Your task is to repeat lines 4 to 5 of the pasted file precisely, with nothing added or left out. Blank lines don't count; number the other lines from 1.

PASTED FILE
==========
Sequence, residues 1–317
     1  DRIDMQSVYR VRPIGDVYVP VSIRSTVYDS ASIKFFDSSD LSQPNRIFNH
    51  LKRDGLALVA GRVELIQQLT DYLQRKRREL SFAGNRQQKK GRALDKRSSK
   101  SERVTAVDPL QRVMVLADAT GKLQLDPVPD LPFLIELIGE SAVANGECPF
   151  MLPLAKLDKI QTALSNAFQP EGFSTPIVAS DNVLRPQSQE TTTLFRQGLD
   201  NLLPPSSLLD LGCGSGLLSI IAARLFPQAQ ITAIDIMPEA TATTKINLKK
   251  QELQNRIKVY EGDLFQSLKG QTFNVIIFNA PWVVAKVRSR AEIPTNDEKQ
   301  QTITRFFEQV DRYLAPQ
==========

   101  SERVTAVDPL QRVMVLADAT GKLQLDPVPD LPFLIELIGE SAVANGECPF
   151  MLPLAKLDKI QTALSNAFQP EGFSTPIVAS DNVLRPQSQE TTTLFRQGLD